Thursday, July 18, 2019

QueQ takes a different LINE  

Oct 28. 2018
Rungsun Promprasith, left, founder of QueQ, and Prairwa Kalayanamit, who is among the ranks of what the company calls
its evangelists.
Rungsun Promprasith, left, founder of QueQ, and Prairwa Kalayanamit, who is among the ranks of what the company calls its evangelists.
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By Asina Pornwasin
The Nation Weekend

4,177 Viewed

THE startup wants to expand beyond BUSTING restaurant queues IN REVENUE MODEL SHIFT

As it seeks to achieve “unicorn” status, the three-year-old start-up QueQ is looking to transform itself from an app to a platform and to reach beyond being a queuing solution. This would see it ultimately shift its revenue model from that of monthly app payments to a transaction base.

In November, the company will have its first series-A fundraising, led by a Thai telecom player and following an injection of venture capital from South Korea.  The move is to drive QueQ to expand its business footprint to cover five countries in the Asia Pacific region, including current markets Thailand, Malaysia and Taiwan. The next two are likely to involve India, South Korea or Japan, said Rungsun Promprasith, founder of QueQ. 

“This series-A funding will increase the company’s valuation by up to US$10 million (Bt330 million). Our goal is to become the unicorn start-up from Thailand,” said Rungsun. Though Thailand has a healthy start-up culture, none has yet broken through to unicorn status.

QueQ was initially developed and designed as a queuing solution to address the pain point of time spent standing in line for a restaurant seat. The ultimate iteration of QueQ is as a lifestyle app that appeals to people who want to address a pain point involving wasted time for daily activities.

“It is not only designed to solve a queuing problem, but to solve any kinds of time-wasting problems in people daily life. Once they have a problem like this, they will think of QueQ,” said Rungsun. “We want to be people’s every-day app, and a location-based app, that can create new businesses.”

Since its launch three years ago, QueQ has grown to more than 1 million users. He said the series-A funding would help QueQ speed its growth to above 5 million users in the next 12 months.  QueQ will also change from an app to an online-to-offline platform offering any kind of service, such as deliveries and cashless payments, which could help solve people’s problem of allocating time for their daily activities.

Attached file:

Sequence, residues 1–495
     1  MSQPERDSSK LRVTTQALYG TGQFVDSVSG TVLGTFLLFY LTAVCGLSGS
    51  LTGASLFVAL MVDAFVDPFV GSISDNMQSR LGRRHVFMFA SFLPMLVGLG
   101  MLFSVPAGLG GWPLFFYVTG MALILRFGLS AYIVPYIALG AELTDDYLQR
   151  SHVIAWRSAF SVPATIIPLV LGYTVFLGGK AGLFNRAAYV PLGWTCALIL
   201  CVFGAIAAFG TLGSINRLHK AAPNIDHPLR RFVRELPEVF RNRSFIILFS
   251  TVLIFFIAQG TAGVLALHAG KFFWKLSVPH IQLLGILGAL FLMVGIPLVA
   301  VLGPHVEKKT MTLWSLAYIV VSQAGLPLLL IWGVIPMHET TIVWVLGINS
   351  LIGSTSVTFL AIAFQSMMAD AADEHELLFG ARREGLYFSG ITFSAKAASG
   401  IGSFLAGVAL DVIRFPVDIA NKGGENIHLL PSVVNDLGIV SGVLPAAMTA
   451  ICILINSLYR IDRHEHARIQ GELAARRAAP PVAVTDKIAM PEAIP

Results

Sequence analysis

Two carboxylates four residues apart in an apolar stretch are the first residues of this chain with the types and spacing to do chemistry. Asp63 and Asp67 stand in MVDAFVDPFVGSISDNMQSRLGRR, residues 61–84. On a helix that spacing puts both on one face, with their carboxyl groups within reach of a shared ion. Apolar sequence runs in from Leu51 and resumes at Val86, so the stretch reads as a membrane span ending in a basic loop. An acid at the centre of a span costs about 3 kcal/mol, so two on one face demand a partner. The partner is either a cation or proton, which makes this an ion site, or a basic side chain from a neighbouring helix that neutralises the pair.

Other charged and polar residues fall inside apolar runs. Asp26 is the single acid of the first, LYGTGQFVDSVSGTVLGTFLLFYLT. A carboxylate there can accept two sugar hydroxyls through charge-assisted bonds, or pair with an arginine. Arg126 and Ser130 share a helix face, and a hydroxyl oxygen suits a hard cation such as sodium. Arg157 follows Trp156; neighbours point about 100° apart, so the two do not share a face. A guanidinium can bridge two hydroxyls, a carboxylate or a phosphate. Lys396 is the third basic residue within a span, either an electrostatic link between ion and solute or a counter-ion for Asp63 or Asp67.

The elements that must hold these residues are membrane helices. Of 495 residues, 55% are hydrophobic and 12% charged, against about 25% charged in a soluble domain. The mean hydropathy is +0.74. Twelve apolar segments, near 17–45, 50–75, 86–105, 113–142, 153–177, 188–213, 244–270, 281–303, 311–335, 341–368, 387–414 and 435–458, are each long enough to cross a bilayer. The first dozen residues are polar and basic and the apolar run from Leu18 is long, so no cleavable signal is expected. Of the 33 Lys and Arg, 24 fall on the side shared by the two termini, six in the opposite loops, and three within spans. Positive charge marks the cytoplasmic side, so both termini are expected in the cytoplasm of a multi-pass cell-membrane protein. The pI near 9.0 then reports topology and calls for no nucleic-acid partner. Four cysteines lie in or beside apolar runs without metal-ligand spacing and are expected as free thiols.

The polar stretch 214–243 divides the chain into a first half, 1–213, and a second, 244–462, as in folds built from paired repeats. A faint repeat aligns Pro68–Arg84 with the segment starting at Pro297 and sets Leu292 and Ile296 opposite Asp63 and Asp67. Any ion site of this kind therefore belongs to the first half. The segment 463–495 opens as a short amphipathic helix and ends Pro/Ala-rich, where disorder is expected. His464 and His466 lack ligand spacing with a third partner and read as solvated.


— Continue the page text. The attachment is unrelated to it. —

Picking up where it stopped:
“Being a platform would help QueQ to create revenues from a massive number of users and to help pave the way to being a unicorn. For example, once QueQ platform can turn offline payment into cashless payment via QueQ, potentially huge revenues would come from transactions. To achieve this scenario, it would need to educate the market and change people’s behaviour, all things that are on the way,” said Rungsun.

Initially, QueQ’s business model is to gain revenue from corporates who pay for the queuing solution. But QueQ aims to turn its future massive users into direct revenue sources. Series-A is intended to open a new chapter for QueQ, to develop and provide new features and new services. To do that it would acquire a lot more users and businesses who need QueQ’s solutions. It would expand both the regional market and expand to additional vertical local market segments. 

Take for example the new features: “pre-order” and “the next-door-delivery” service. It was developed in a collaboration between QueQ and Chulalongkorn University, and allows QueQ users to pre-order food from local restaurants in the Sam Yan area, and have them delivered by students. So far 30 restaurants have joined a one-month trail, and the service will officially launch in November. 

Chulalongkorn University students do the delivery, and some 20,000 students have joined the platform. “We call them ‘day-workers’ who would like to do a part-time job,” said Rungsun. The first new service is called DayWork, which grew out of the next-door-delivery service. DayWork is also a new start-up with a 30-per cent investment by QueQ, and 70-per cent from its founders. DayWork will soft launch along with the next-door-delivery service. It is designed as a part-time job platform that matches job to workers, mostly students. 

“DayWork is to serve the huge massive part-time job market in Thailand,” said Rungsun. “It is to help students to do work in their free time. First, DayWork will start with food delivery next month. Then in early 2019, it will increase to more kinds of hiring (of part-time workers).” 

QueQ evangelist Prairwa Kalayanamit, 17, said that most users are female and new features and services, especially DayWork, are designed to serve the new generation.

Later, with series-B fundraising, QueQ will aim to monetise its by-then massive number of users, at over 5 million, with a 30 per cent increase per month in active users.

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